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CATEGORIES (articles) > Engines > Chevy Engines > LS Aluminium range of V8 engines

LS Aluminium range of V8 engines


The LS is Generation III and Generation IV, the latest evolution of General Motors' line of small-block V8 engines. The LS series was a clean sheet design, drawing on the heritage of the classic small-block, but is all-aluminum and has 6-bolt main bearing caps. The LS engine has been the sole powerplant of the C5 and C6 Chevrolet Corvette, and has also been used in the Pontiac GTO, the Cadillac CTS V-series, the Holden Commodore and Monaro since 1999 and the late Camaro and Firebird V8 models.

Generation III

The Generation III small-blocks replaced the LT family in 1997. These shared the same rough displacement and bore spacing (4.4 in) as their cast iron predecessors but almost everything else was changed. The bore was reduced to 3.9 in and the stroke longer at 3.62 in for greater low end torque, since the heads and intake would be designed around higher rpm applications this time around. The block was cast from aluminum (for cars) instead of iron and had a new intake and injection technology and coil-on-plug ignition. The traditional five-bolt pentagonal cylinder head pattern was replaced with a square four-bolt design, and the pistons are flat instead of domed. Even the cylinder firing order was changed.

LS1

GM LS1 engine from the Chevrolet Camaro

The LS1 shares little other than similar displacement and external dimensions with the earlier small-block V8 engines. It is an all-aluminum 5.7 L (346 in³) pushrod engine and was rated between 305 and 350 hp (228 to 261 kW) and 375 ft·lbf (508 N·m) of torque, depending on the application. However, regardless of application, the LS1s used in vehicles are widely known to be underrated from the factory, and will usually produce an actual 350hp (261kW) and 350+ lb/ft of torque (measured at the flywheel) in all of their applications (not to be confused with LS6 vehicles). Speculation is that GM did not want another vehicle to be known to be close in power to the Chevrolet Corvette, GM's performance flagship. Beginning in 2001, the LS1 received the higher-flowing intake from the LS6, and a smaller camshaft to keep power at the same level; this also allowed GM to remove the exhaust gas recirculation (EGR) system. The block is very similar to that of the higher-output LS6; beginning in 2002, some LS1 engines were actually built using the LS6 block instead. The LS1 was on the Ward's 10 Best Engines list for 1998.

Applications:

  • 1997-2004 C5 Corvette base model
  • 1998-2002 Chevrolet Camaro Z28, SS
  • 1998-2002 Pontiac Firebird Formula and Trans-Am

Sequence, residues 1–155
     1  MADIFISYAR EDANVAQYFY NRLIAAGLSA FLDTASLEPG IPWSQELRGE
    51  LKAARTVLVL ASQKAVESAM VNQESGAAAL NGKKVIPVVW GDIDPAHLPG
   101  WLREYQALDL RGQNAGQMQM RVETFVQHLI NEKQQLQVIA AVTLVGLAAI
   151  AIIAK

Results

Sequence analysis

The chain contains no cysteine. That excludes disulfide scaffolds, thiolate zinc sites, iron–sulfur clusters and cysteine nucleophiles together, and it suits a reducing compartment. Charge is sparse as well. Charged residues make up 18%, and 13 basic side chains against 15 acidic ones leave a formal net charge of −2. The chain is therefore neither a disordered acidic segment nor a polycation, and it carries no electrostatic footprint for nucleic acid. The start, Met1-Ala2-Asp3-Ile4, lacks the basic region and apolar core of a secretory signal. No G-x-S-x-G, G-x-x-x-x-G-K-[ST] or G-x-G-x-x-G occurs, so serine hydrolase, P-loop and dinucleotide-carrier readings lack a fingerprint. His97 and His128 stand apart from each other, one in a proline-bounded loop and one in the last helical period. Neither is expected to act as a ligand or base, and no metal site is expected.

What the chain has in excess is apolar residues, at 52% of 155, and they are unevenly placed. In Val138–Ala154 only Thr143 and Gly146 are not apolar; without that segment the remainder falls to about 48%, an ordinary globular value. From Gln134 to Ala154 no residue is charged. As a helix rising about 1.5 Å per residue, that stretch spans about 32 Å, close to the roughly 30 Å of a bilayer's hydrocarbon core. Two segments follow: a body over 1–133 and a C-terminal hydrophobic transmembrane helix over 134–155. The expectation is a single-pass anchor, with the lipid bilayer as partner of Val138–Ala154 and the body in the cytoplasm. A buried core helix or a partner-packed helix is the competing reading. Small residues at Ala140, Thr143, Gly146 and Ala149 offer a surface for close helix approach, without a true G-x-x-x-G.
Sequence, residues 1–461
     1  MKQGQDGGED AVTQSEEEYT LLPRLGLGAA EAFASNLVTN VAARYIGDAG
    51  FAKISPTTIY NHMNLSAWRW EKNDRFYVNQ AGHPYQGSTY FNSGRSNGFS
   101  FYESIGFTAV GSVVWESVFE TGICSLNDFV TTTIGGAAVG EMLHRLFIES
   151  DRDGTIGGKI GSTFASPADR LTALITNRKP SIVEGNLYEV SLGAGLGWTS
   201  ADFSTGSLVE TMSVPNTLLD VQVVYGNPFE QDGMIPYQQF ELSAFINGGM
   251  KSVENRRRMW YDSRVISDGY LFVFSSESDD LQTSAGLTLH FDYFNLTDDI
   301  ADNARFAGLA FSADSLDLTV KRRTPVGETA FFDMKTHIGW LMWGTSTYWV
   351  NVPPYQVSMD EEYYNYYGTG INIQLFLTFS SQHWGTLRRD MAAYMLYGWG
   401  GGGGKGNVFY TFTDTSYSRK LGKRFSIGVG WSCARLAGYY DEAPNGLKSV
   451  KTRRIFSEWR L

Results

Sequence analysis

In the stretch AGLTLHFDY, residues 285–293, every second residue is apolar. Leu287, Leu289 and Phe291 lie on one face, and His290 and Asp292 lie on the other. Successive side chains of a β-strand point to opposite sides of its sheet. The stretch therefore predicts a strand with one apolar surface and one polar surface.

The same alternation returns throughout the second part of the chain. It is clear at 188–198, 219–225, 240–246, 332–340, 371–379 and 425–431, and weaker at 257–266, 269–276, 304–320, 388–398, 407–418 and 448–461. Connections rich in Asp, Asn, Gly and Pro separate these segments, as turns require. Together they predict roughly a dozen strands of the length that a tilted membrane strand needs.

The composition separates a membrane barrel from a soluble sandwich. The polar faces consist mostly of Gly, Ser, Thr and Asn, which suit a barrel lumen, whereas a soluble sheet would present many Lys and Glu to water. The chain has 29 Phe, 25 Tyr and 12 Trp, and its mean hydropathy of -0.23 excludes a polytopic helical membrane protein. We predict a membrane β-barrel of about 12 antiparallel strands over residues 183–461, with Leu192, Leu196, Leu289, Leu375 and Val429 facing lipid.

• 2004 Pontiac GTO
  • 1999-2005 Holden Commodore as an option
  • 1999-2005 Holden Statesman/Caprice
  • 2001-2005 Holden Monaro

LS6

GM LS6 engine in a Chevrolet Corvette Z06
LS6 can also refer to a 454 in³ Chevrolet Big-Block engine of the 1970s

The LS6 is a higher-output version of Chevrolet's small-block LS1 engine. It is an all-aluminum 5.7 L (346 in³) pushrod engine. The initial 2001 LS6 produced 385 hp (287 kW) and 385 ft·lbf (522 N·m), but the engine was modified for 2002 through 2004 to produce 405 hp (302 kW) and 400 ft·lbf (542 N·m) of torque. The LS6 was originally only used in the high-performance C5 Corvette Z06 model, with the Cadillac CTS V-Series getting the 405 hp engine later. The V-Series only retained the LS6 for two years and was then replaced with the LS2 in 2006. For 2006, the Z06 replaced the LS6 with the new 7.0L LS7.

The LS6 shares its basic block design with the GM LS1 engine, but other changes were made such as windows cast into the block between cylinders. Improved intake, a titanium exhaust, higher-lift cams, and higher compression boosts output, and a new oiling system is better suited to high lateral acceleration.

Vortec engines

The Vortec 4800, 5300, and 6000 are truck versions of the LS1 engine with different bore and stroke dimensions. The 4.8L and 6.0L versions are iron-block only, while the 5.3L has been built with both iron and aluminum blocks, depending on the application.

Generation IV

Hot on the heels of the Generation III was Generation IV. These big-bore engines are some of the largest small-blocks yet, and will quickly replace the previous generation. Displacement ranges up to 7.0 L and output to 505 hp (373 kW). Generation IV will later feature displacement on demand, a technology that allows one bank of cylinders to be deactivated. It will also offer variable valve timing. A 3-valve per cylinder design was originally slated for the LS7, which would have been a first for a pushrod engine, but the design was shelved when the same two-valve configuration as the other Generation III and IV engines proved to be sufficient to meet the goals for the LS7.